Sunday, May 17, 2015

Retro Review: Turok

A giganotosaurus! Everyone will just think it's a T-Rex, however.

There has been a disturbing dearth of dinosaur video games, for reasons I can not contemplate. Perhaps the spectacular failure of Trespasser has something to do with it. Turok: Dinosaur Hunter, released for the N64 in 1997, established a popular series that gets rebooted with 2008's Turok, developed by the now-defunct Propaganda Games. Given the gritty reboot treatment, with graphics courtesy of the Unreal Engine 3, Turok rewrites the colorful history of prior games, replacing the Lost Land, aliens, and inter-dimensional beings with space marines, a terraformed planet, and genetically-altered dinosaurs. Joseph Turok is now a former mercenary hell-bent on revenge against his former mentor, Roland Kane. There is little story in Turok, which isn't necessarily a problem. Give the player a motive, some cool weapons, atmospheric environments, and plenty of dinosaurs to battle, and all will be well. Turok delivers on some of that promise. The dinos are well-animated, and the game lets you pit them against generic space marines by use of flares, which is pretty cool. Various species of raptors, dilophosaurus, and of course T-Rex, feature prominently. Turok unfortunately breaks up the dino action with boring levels spent traversing under-detailed military installations populated by brain-dead space marines. These are the worst sections of Turok: without dinosaurs, there is nothing to separate it from Halo or any other shooter. It doesn't help that the game uses a checkpoint save system, which is poorly-implemented. There are several fights which are frustrating because the time between checkpoints is too long. Turok also screws up most of its boss battles. There is a lengthy battle against a sea serpent which seems to take forever. It also has a bad habit of placing you out in the open at the start of a boss fight to become devoured or riddled with bullets. The game certainly seems like it was rushed; the jungle environments are low-poly rocky valleys that never give you space to breathe. The voice-acting, however, is pretty good, featuring the talents of Timothy Olyphant and Ron Perlman. No one plays games for the voice acting, though. The weapon arsenal is also very basic, with the usual assortment of shotguns, machine guns, pulse rifles, and rocket launchers.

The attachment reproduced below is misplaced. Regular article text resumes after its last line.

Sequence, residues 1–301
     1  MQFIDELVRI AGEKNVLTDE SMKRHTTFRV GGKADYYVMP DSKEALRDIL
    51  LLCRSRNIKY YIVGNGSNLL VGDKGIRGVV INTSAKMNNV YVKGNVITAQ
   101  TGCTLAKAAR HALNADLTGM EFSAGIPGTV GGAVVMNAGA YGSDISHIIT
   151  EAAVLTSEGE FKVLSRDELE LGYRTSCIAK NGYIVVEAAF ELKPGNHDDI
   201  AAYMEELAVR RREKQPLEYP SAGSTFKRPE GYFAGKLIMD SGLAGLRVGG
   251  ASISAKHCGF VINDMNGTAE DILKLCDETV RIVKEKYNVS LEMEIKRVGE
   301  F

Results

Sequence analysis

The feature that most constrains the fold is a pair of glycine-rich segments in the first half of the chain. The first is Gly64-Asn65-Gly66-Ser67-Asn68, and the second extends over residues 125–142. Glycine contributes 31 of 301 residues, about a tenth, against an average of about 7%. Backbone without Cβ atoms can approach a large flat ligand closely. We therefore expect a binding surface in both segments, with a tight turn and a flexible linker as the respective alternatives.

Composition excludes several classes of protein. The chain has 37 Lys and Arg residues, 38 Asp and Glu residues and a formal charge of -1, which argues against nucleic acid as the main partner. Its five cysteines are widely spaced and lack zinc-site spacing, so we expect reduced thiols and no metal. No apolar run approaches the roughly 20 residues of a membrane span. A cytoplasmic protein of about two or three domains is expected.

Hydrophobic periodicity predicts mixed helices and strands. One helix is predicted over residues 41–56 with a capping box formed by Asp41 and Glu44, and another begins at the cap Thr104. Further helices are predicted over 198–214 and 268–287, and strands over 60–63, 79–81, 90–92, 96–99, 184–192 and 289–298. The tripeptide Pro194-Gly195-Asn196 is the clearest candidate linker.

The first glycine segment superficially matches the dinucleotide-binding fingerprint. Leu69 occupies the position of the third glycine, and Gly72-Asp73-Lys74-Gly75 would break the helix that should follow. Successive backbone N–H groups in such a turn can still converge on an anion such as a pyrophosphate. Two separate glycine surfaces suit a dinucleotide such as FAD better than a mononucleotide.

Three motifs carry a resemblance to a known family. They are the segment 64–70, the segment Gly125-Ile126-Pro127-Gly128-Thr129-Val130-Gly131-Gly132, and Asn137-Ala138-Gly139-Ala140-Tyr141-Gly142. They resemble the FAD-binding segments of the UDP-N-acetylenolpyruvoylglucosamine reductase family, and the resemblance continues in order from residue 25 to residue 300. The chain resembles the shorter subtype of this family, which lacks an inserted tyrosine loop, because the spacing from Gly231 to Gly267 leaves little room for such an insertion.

If you can stomach its annoying save system, and some poor boss battles (spoiler: you kill Kane in a quick time event! WTF), Turok isn't too bad. You can probably find it for pocket change. A sequel, which looked pretty cool, was canceled when Propaganda Games closed. Hopefully we'll get a good dinosaur game sometime in the future.

Concept art from the canceled Turok 2. Nothing this cool happens in Turok.

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